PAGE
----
“Do you want a zero in conduct?”
French director Jean Vigo made only two feature length films (and two short films) before dying at the age 29. L’Atalante is an much acclaimed film–but Zero de Conduite has fallen into obscurity. Upon its release, Zero de Conduite–a short tale of schoolboy rebellion–was banned in France. Perhaps it was judged too subversive–Vigo’s father Eugene Bonaventure de Vigo (AKA Miguel Almareyda) was in his youth, a prominent anarchist. Vigo’s father later abandoned his anarchist beliefs, became mired in some shady political activities, and was murdered in jail.
The film begins with the return of various schoolboys to a strict boarding school. The school environment serves as a microcosm of French society–with those in charge, corrupt and dictatorial. The boys live on a diet on beans, and teachers search for sweets, which are then confiscated. The teachers threaten the boys with the dreaded “zero in conduct” if they misbehave, and of course, that principle only works if one cares about such things. It’s not long before three troublemakers–instigators Bruel, Caussat, and Colin–are identified. The film depicts a number of ridiculous rigid rules, and the boys’ reaction to them. While one teacher is tolerant–the Chaplinesque Huguet–other teachers are notoriously strict. One of the teachers even seems to have a questionable taste for one of the boys. After a particularly trivial infraction, the boys lead a revolt against authority on alumni day. In one unforgettable scene, a pillow fight rains feathers down on the rebellious boys as they somersault in a crowded dormitory.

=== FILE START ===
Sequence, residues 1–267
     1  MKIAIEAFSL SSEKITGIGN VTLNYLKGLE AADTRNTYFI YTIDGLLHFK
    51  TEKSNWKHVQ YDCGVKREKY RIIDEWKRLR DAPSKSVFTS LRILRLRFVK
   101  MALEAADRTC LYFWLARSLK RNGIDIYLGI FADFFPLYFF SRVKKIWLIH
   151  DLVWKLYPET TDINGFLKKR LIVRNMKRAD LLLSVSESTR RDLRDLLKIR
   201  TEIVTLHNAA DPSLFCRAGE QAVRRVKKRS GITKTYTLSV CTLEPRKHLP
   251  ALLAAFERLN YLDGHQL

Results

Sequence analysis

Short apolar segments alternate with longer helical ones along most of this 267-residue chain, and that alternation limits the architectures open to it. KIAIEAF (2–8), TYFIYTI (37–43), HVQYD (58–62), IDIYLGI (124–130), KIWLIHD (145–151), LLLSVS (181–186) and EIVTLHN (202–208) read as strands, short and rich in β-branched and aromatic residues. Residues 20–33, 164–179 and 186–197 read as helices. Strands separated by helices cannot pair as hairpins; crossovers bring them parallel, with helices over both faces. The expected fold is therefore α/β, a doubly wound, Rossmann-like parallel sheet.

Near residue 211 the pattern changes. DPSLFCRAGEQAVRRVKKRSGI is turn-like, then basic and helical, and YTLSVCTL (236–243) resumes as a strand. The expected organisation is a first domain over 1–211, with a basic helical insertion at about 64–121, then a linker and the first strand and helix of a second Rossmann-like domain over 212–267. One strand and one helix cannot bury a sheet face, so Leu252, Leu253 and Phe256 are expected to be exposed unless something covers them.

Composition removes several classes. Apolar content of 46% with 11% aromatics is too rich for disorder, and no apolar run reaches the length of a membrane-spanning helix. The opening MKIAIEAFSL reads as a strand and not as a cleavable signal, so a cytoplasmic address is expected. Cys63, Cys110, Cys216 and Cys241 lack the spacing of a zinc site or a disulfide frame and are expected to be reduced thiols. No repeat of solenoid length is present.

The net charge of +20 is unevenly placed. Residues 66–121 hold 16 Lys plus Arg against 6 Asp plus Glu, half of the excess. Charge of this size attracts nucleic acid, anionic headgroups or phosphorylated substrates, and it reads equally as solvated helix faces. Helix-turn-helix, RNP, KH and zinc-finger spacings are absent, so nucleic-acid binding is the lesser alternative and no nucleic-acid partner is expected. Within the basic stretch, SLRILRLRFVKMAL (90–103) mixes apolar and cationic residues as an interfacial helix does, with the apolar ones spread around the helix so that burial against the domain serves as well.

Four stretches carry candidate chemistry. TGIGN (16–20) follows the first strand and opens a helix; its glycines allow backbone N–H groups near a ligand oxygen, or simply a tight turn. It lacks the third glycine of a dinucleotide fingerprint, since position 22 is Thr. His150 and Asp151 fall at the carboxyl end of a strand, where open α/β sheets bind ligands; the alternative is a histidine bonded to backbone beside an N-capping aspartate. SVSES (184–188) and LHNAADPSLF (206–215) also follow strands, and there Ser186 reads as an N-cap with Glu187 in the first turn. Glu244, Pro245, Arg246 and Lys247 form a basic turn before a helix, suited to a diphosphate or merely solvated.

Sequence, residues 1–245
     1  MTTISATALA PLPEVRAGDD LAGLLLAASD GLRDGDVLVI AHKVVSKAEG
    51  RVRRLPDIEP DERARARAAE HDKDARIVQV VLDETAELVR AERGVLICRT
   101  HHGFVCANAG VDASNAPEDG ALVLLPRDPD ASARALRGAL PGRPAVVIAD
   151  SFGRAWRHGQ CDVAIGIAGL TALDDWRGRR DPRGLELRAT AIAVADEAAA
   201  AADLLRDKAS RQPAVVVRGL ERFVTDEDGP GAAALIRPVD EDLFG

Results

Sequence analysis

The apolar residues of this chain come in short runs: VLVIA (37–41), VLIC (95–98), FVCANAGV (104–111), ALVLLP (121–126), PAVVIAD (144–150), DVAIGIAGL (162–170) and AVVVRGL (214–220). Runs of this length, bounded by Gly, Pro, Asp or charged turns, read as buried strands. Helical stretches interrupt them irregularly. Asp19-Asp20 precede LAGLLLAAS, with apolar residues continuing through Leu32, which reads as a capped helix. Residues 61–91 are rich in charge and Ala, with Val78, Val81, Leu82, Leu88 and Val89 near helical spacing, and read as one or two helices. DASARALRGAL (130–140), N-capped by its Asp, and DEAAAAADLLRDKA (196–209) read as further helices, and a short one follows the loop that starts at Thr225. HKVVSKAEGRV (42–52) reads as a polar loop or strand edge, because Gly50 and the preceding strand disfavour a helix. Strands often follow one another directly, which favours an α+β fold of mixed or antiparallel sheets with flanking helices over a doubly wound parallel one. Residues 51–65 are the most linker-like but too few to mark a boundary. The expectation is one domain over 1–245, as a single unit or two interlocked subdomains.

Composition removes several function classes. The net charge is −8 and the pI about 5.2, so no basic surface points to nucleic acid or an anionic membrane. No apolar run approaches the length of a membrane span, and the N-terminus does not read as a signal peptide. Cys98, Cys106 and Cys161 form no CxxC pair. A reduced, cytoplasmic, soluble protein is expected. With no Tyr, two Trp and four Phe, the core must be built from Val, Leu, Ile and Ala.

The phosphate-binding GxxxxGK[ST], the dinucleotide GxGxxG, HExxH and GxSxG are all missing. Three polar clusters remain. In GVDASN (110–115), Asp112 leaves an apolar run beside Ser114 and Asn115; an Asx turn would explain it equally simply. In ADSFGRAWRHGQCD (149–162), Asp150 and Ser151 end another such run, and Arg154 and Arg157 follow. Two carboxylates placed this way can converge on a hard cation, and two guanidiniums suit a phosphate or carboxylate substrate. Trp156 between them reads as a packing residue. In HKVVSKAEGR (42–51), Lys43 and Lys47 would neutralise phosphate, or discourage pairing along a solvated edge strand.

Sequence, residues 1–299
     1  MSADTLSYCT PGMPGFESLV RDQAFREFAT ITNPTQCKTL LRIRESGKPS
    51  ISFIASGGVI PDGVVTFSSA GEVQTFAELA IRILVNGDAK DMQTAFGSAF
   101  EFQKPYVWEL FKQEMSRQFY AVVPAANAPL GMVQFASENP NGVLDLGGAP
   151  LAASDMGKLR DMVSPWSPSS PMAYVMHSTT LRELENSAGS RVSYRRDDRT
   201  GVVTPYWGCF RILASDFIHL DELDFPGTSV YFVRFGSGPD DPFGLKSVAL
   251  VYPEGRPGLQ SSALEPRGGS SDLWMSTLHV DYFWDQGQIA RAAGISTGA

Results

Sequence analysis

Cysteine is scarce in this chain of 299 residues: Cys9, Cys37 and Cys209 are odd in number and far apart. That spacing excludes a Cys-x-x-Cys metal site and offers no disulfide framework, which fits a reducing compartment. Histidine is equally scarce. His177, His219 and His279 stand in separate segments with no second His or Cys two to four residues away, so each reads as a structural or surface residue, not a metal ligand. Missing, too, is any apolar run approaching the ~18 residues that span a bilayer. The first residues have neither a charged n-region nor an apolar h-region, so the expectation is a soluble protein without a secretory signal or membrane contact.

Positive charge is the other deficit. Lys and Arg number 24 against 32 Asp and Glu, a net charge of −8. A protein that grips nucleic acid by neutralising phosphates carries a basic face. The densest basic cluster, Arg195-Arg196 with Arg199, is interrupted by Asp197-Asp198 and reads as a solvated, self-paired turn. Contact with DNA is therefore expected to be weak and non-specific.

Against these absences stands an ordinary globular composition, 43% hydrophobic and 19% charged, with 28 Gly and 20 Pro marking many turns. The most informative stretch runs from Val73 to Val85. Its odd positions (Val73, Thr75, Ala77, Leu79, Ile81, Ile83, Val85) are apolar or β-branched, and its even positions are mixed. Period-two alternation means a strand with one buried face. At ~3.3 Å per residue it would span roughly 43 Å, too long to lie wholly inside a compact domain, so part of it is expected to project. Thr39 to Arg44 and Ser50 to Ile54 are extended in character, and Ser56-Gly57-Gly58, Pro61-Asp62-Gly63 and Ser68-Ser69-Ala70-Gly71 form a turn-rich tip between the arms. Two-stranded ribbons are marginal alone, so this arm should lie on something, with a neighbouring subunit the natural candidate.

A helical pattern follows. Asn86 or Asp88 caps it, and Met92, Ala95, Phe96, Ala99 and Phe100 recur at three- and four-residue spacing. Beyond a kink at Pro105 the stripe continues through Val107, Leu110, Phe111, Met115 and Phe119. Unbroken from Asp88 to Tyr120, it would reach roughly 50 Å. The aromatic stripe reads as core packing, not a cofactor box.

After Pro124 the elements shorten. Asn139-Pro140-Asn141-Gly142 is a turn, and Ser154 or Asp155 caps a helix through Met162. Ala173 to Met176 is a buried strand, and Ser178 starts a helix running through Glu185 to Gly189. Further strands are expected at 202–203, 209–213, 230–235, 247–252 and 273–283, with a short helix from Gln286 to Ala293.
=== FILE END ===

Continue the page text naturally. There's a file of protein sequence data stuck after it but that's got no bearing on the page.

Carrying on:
Unfortunately, this is a terrible print. One scene takes place in a railway station at night, and it’s very difficult to make out some of the action. The sound is crackly, and white splotches appear on the print. In spite of all this, however, the film evokes the magical, irrepressible spirit of childhood, and it certainly revived the ecstasy of my rebellious schooldays. In French with English subtitles